Sophie Brochu says she has a lot to learn.
Brochu took over as the first woman President and CEO of Hydro-Québec April 6. And when she finally met Cree Grand Chief Abel Bosum August 14, she began with an apology – not for the pandemic-related delay to the meeting, but for what she was never taught in school.
“One of the things I am trying to learn is everything related to Indigenous communities,” Brochu told the Nation in an interview. “We learned nothing in school – I need to better understand the reality.”
Before joining Hydro-Québec, Brochu spent 12 years as President and CEO of Énergir, Quebec’s largest provider of natural gas. But only after joining Hydro-Québec did Brochu say she began to understand the relationship the company has with Cree communities and how significant it was for both parties.
Brochu says she understands the challenge over the past decades to build that relationship from one of distrust to where it is today. “We have to take nothing for granted, we have to constantly work on it like any relationship.”
Brochu said she hopes that at the end of her time with Hydro-Québec that the relationship with the Cree will be even stronger than when she took over.
“What I would like to do is build on the foundations that we have built up today. And by building on those foundations I think we can do more between Hydro-Québec and the Cree Nation, notably with the youth,” she said.
The Hydro-Québec president also wanted to offer an apology in advance: “I’m sure I will make a mistake one day, and I want people to know it won’t be on purpose, it will be by not understanding something. So, I apologize in advance and look forward to better understanding the Cree people and getting to meet the Cree on their territory when we are allowed.”
Noting that about 100 Cree are currently working for Hydro-Québec, Brochu described her vision to increase the opportunities for youth who may be interested in working with the Crown corporation, including things like summer jobs and full-time positions.
As for the present, Brochu confirmed that there are no new projects planned for Eeyou Istchee, but that if the Cree Nation approaches them with a project, they’d be happy to work together. She says that they are also collaborating on scientific studies.
Overall, the more that Brochu has learned about how the Cree Nation governs its territories, the more she is impressed.
“It goes to the deep presence in the territory – the way that the Cree manage land use, the use of the territory in all its capacity, the scientific studies,” she enthused. “It’s a good way to understand each other’s realities.”
As for renewable energy, Brochu says that Hydro-Québec has been looking at various places in Quebec where resource networks are too far from the electrical grid and are thus largely powered by diesel generators. In the past five years, Hydro-Québec has begun a project to try to “green” these projects.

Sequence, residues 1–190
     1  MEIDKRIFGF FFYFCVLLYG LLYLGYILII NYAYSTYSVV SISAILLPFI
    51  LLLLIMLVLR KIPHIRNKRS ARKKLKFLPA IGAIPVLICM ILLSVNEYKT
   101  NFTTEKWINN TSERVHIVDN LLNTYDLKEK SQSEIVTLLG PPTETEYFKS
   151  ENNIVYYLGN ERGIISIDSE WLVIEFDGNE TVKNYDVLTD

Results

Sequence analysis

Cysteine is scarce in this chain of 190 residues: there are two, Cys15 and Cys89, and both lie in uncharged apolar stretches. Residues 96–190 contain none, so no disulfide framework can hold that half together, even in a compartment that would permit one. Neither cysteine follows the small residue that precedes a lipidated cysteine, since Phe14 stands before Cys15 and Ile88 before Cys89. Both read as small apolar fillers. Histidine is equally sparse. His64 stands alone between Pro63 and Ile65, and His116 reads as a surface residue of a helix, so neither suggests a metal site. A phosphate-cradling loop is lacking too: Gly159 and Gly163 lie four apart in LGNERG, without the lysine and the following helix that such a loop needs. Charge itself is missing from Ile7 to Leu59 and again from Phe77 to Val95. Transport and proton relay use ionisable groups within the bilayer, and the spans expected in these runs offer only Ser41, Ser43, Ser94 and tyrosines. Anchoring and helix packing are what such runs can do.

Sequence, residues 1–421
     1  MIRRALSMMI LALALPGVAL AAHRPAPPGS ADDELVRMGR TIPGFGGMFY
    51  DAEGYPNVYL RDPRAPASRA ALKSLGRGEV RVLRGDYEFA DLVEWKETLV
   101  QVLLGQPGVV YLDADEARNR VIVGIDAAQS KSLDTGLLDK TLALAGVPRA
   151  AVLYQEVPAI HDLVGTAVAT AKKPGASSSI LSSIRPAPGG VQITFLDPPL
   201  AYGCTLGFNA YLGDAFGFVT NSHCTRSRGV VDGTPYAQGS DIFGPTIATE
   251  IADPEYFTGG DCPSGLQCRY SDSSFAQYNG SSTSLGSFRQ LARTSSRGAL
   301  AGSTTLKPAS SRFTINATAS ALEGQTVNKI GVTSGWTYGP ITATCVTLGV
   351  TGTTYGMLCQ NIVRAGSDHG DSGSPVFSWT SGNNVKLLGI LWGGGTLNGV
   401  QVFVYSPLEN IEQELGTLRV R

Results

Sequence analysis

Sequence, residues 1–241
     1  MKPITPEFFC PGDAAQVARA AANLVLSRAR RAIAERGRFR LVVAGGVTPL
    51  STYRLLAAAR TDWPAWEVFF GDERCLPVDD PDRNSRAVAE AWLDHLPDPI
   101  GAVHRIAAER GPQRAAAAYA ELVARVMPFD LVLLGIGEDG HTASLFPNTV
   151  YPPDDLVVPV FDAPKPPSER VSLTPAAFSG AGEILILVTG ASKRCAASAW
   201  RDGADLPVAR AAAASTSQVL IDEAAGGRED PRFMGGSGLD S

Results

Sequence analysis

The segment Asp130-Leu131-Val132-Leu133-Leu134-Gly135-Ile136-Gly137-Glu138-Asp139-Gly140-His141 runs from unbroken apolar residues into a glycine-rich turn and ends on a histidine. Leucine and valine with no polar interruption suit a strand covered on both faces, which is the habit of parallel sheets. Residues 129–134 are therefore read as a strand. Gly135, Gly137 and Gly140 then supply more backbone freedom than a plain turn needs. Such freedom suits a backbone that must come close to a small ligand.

While there are no plans yet to bring this technology to the Cree communities, Brochu said that if Cree communities have any specific renewable energy projects they can work together to see how it fits with their aspirations and needs.
Brochu says she was honoured to be appointed HQ’s chief executive – though it wasn’t the first time she had been offered the role. Hydro-Québec courted her for the position five years ago, but she was working on a development plan for Énergir and didn’t feel the timing was right.
She left Énergir four years later, in December 2019, hoping to take some time off to study and teach in Montreal. Shortly after, however, then-HQ president Éric Martel announced his departure. When she received the phone call to again offer her the job, she says it only took a nanosecond to consider before accepting.
“I asked, how can I be useful for society? And I felt it was the best way to contribute, so I joined, and it was a humbling experience for me. I’m so happy with that decision,” she said.
Apart from her day job with Hydro-Québec, Brochu is very active in the community of Montreal, where she lives, having cofounded a non-profit organization focused on education and working to support a women’s shelter.
“I think that we have lost society at large over the last 20 years,” Brochu says of her personal philosophy. “We’re so focused on organizations, acquiring market share, but I believe we can only be as strong as we are in our communities.”
This began her work to support economically disadvantaged youth in the neighbourhood near her downtown offices. She also observed that services for homeless women in Montreal are insufficient. She got in touch with homeless Indigenous women in Montreal, which she calls a wake-up call that spurred her desire to contribute to a facility for homeless women.
Above all, Brochu sees access to education as the key to a strong future for young people.
“I’m making sure that kids, wherever they come from, are exposed to their own possibilities and trying to build a bridge between themselves and their futures.” Which also happens to be a goal she sees reflected in her work with the Cree.